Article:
Look for scarce type of 2¢ George Washington envelope
Stamp Market Tips by Henry Gitner and Rick Miller
Postal stationery has a strong following of collectors in the United States. It includes envelopes, letter sheets, postal cards, aerograms and wrappers that have an imprinted stamp design (called an indicium) showing prepayment of postage.
In the United States, stamped envelopes can be collected in two forms: entires and cut squares (the stamp design with a small border clipped from the envelope).
Foreign collectors generally are not interested in cut squares, nor are other types of postal stationery collected as cut squares in the United States.
From 1887 to 1894, the U.S. Post Office Department issued a series of stamped envelopes. The designs featured silhouettes of Benjamin Franklin (1¢), George Washington (2¢), Andrew Jackson (4¢), and Ulysses S. Grant (5¢) (Scott U294-U335).
Three very similar designs were used for the 2¢ Washington envelopes: design U70 (Scott U305-U310), U71 (U311-U317) and design U72 (U318-U323).
Unused cut squares of the third design type (Scott U318-U323) are scarce and are needed by many collectors. Cut squares of the other two design types are far more common and in less demand.
The 2020 Scott Specialized Catalogue of United States Stamps and Covers values these unused cut squares as follows: 2¢ green on white paper (U318), $110; 2¢ green on amber paper (U319), $160; 2¢ green on oriental buff paper (U320), $125; 2¢ green on blue paper (U321), $150; 2¢ green on manila (U322), $225; and 2¢ green on amber manila paper (U323), $400.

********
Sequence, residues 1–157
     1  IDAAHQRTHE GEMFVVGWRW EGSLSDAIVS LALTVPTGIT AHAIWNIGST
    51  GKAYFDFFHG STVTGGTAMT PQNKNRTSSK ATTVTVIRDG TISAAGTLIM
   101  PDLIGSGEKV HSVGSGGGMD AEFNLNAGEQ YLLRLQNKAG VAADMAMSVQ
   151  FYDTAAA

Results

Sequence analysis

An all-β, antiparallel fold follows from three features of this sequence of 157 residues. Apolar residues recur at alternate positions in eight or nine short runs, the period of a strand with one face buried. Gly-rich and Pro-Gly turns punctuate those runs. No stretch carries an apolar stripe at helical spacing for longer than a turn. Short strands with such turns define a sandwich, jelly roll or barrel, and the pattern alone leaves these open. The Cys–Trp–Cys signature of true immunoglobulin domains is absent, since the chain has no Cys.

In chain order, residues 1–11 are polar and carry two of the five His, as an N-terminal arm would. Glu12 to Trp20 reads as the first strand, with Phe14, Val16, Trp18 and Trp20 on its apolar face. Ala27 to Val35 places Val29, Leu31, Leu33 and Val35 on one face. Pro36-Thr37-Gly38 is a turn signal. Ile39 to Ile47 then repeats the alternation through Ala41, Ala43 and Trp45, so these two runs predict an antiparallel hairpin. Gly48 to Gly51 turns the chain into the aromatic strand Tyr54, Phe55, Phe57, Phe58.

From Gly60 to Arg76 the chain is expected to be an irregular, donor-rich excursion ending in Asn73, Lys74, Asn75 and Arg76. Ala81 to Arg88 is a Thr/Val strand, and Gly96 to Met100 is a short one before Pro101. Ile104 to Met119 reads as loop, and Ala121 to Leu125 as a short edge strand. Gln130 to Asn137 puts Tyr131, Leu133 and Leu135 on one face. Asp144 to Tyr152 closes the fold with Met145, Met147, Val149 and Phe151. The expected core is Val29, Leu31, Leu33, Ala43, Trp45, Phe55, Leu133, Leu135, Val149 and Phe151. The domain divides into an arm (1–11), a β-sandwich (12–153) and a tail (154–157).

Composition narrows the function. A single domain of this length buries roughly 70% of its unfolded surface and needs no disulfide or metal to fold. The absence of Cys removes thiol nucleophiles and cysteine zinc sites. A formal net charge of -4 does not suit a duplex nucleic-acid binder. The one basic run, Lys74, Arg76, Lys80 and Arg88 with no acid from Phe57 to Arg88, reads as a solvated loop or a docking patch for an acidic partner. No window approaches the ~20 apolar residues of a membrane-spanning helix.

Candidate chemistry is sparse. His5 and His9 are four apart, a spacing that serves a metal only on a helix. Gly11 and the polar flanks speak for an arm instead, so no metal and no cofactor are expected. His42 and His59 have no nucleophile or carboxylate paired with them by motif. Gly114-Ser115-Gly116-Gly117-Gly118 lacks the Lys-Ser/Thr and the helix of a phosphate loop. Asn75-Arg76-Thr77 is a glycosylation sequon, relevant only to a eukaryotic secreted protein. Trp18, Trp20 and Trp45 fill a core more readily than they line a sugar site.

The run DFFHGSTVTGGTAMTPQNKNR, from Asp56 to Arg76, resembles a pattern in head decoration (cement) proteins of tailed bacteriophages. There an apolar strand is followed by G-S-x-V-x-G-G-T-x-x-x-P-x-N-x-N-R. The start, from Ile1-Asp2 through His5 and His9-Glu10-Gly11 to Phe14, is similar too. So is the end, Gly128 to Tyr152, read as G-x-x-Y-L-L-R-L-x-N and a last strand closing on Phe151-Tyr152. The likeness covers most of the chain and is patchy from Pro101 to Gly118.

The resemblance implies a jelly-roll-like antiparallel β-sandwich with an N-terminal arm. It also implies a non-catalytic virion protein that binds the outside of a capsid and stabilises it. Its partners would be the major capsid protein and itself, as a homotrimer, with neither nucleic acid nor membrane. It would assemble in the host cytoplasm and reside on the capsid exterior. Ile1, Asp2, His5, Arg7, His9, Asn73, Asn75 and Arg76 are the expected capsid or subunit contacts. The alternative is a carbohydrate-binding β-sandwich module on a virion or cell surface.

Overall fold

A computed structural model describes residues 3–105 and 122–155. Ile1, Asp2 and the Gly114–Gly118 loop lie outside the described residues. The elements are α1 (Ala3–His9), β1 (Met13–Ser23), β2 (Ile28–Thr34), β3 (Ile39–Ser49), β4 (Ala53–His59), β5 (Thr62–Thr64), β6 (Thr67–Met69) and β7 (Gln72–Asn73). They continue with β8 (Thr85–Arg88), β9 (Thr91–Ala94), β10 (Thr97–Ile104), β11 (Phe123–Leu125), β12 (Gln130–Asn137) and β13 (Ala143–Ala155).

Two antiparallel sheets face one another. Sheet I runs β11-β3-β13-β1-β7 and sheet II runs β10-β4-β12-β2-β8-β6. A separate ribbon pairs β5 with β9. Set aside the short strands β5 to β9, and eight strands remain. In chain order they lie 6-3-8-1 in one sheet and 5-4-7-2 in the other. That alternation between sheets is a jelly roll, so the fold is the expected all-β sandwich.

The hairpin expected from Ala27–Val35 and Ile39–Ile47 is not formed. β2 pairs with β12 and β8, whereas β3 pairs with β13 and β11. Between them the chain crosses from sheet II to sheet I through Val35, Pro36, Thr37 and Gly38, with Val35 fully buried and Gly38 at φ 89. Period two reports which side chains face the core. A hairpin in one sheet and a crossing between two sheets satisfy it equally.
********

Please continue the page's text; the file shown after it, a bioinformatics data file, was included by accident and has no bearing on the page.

Examples in very fine grade are a good buy at 50 percent to 65 percent of Scott catalog value. Examples in extra fine grade bring considerably more.
The type U72 cut squares are frequently confused with the similar but much more common and much less expensive cut squares. In addition to the differences noted and illustrated in the Scott catalog, a good way to pick out the more expensive designs is that Washington has a more rounded head than the pointed head of the less expensive design types. Using the less expensive types for comparison helps in identification.
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